Last week, I posted about how Thanksgiving is the quintessential refugee holiday.* I didn’t want to say anything negative about Thanksgiving before the holiday, as that would be a bit of a humbug.* But now, enough time has passed that most of the leftover Turkey is gone, and now I want to write about the more challenging side of the holiday for immigration advocates.* Of course, I speak about the fact that the immigrants in the Thanksgiving scenario (the Europeans) essentially eradicated the original inhabitants of their new country (the Native Americans).
It has always surprised me that more anti-immigration folks don’t use Thanksgiving as an example of what happens when immigration runs amok.* Fifty years after the first Thanksgiving, most of the Wampanoag tribe (the Native Americans who dined with the Pilgrims in 1621) were either dead or sold into slavery.* From an estimated population of 6,600 in 1610, the Wampanoag were reduced to only about 400 individuals by 1677 (they have since recovered somewhat – in 2000, the estimated population was 2,336).* In short, while the first Thanksgiving was lovey-dovey, things didn’t end too well for the native peoples who received the new immigrants.* But this is something we rarely hear about from immigration restrictionists.
I suppose one reason that Thanksgiving is not used by immigration opponents is that it’s not easy to be anti-Thanksgiving.* Thanksgiving is probably the most popular non-religious holiday in the U.S., and to oppose Thanksgiving might seem un-American (in fact, to oppose Thanksgiving is un-American).* Since immigration opponents always seem to be uber patriots, I guess they do not want to be seen opposing the holiday.
Another reason that the holiday is not used against immigrants is that the analogy between European settlers/colonialists and modern-day immigrants really does not stand up.* The settlers of old were not trying to integrate into the indigenous culture; they were trying to conquer it.* Even if–as some restrictionists might argue–modern day immigrants do not integrate into mainstream society, they are clearly not in the same position to conquer our country as the settlers who conquered the New World.* We are much larger and more unified than the pre-Colombian indigenous peoples.* The number of immigrants coming to the U.S. these days is much smaller proportionately than the number of Europeans coming here in the colonial period.* Finally, most Native Americans died from diseases, and–Lou Dobbs notwithstanding–that is not a real threat to us today (at least not because of immigration).* So even if restrictionists wanted to use Thanksgiving as a cautionary tale about too much immigration, the analogy is weak.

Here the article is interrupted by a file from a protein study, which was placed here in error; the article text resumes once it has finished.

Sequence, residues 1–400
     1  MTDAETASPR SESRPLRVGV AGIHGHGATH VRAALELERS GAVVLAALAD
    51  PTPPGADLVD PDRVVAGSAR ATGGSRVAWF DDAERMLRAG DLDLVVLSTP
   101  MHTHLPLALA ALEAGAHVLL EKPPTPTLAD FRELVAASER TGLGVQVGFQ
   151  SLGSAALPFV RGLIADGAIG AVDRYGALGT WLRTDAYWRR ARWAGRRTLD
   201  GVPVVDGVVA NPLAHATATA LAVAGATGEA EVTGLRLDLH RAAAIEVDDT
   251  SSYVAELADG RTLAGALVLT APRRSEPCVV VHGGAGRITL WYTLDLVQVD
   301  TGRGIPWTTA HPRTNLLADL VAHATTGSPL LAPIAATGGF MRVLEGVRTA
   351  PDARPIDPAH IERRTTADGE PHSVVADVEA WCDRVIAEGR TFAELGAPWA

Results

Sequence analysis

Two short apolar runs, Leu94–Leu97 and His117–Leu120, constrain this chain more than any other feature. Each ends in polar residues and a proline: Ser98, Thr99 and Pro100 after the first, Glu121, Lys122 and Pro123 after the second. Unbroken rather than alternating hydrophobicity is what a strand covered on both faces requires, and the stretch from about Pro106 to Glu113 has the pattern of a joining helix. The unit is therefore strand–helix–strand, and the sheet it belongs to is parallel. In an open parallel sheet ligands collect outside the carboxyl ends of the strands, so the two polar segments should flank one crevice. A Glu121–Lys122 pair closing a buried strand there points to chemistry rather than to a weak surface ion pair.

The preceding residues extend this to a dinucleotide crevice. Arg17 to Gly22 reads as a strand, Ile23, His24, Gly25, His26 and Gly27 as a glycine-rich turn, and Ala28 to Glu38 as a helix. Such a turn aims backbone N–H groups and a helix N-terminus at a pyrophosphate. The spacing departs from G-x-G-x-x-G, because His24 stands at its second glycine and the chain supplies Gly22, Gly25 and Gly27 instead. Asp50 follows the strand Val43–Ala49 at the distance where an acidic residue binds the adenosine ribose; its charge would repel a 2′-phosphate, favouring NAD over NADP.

Thanksgiving is frequently cited by pro-immigration types (and pro-asylum types like me).* I do think the holiday could be used to raise questions about immigration: How much immigration is good for our country, whether immigrants appropriately integrate into our society, how best to handle people who are here illegally.* But for restrictionists, maybe it is safer and more effective to raise those issues separately from the Thanksgiving holiday.* That’s fine with me, as I am a fan of Thanksgiving.* Now if you’ll excuse me, I know we have some leftover cranberry sauce around here somewhere…
Originally posted on the Asylumist: www.Asylumist.com.
Jason Dzubow's practice focuses on immigration law, asylum, and appellate litigation. Mr. Dzubow is admitted to practice law in the federal and state courts of Washington, DC and Maryland, the United States Courts of Appeals for the Third, Fourth, Eleventh, and DC Circuits, all Immigration Courts in the United States, and the Board of Immigration Appeals. He is a member of the American Immigration Lawyers Association (AILA) and the Capital Area Immigrant Rights (CAIR) Coalition. In June 2009, CAIR Coalition honored Mr. Dzubow for his Outstanding Commitment to Defending the Rights and Dignity of Detained Immigrants.In December 2011, Washingtonian magazine recognized Dr. Dzubow as one of the best immigration lawyers in the Washington, DC area; in March 2011, he was listed as one of the top 25 legal minds in the country in the area of immigration law. Mr. Dzubow is also an adjunct professor of law at George Mason University in Virginia.